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Tucked away in Disney’s latest regulatory filing revealing executive compensation is a reminder that CFO Jay Rasulo‘s contract expires at the end of the month.
While it’s unusual for such a high-ranking executive to delay a decision as to whether he’ll remain with the company or not, insiders say it makes sense in Rasulo’s case, given he is presumably a candidate for COO along with parks and resorts chairman Thomas Staggs.
Disney has been operating without a COO since Bob Iger was named CEO in 2005 and Iger has said he intends to name a COO by this spring, with the presumption being that whoever is promoted will be groomed for the CEO slot when Iger’s contract runs out at the end of June, 2018.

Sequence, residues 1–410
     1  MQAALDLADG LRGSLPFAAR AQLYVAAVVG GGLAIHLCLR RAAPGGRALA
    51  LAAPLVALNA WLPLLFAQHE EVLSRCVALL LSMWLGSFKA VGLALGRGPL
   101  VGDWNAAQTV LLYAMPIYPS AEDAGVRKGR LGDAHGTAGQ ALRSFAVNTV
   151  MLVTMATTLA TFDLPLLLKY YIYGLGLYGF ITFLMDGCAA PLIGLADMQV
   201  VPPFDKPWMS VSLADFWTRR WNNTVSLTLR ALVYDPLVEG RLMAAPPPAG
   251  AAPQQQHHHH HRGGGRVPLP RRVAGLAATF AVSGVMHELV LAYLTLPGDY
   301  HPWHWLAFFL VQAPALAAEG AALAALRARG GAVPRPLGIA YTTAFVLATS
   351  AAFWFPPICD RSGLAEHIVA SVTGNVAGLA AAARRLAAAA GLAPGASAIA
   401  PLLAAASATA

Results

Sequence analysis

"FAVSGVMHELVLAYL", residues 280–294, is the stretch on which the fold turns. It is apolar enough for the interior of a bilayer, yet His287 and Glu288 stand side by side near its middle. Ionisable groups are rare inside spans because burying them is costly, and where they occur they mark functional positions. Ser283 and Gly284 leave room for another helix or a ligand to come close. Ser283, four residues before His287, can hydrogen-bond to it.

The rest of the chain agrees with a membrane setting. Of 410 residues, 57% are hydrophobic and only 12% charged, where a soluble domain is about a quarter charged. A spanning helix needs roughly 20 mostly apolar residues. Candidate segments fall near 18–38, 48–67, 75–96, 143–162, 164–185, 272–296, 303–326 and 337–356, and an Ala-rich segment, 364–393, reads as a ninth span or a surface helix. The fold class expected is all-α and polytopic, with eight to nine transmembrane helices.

Rasulo, therefore, could choose to remain with Disney without a contract rather than negotiate a new, short-term one. If he is promoted to COO it will come with a new long-term contract and if he is not promoted he will decide then whether to remain as CFO or explore other options.
In Friday’s filing, it was disclosed that Iger, 63, earned $46.5 million in fiscal 2014, up from $34.3 million a year earlier. Rasulo, who, like Staggs, is in his 50s, was the second highest paid executive at Disney, earning $16.2 million, up from $10.7 million. Staggs is not considered an executive officer so his compensation was not disclosed.
The contest for COO is tough to handicap given the praise heaped on both executives over the years. Plus, Staggs and Rasulo essentially swapped jobs in 2010 so each of them have similar experiences within the company.
Disney noted in Friday’s filing that Rasulo’s hefty 51 percent increase in compensation was in part owed to bigger target bonuses recommended by Iger to reflect Rasulo’s accomplishments.
The filing lauds Rasulo for “effective management,” “leadership of multiple initiatives,” “negotiation of the recapitalization of Disneyland Paris” and helping with the acquisition and integration of Maker Studios.
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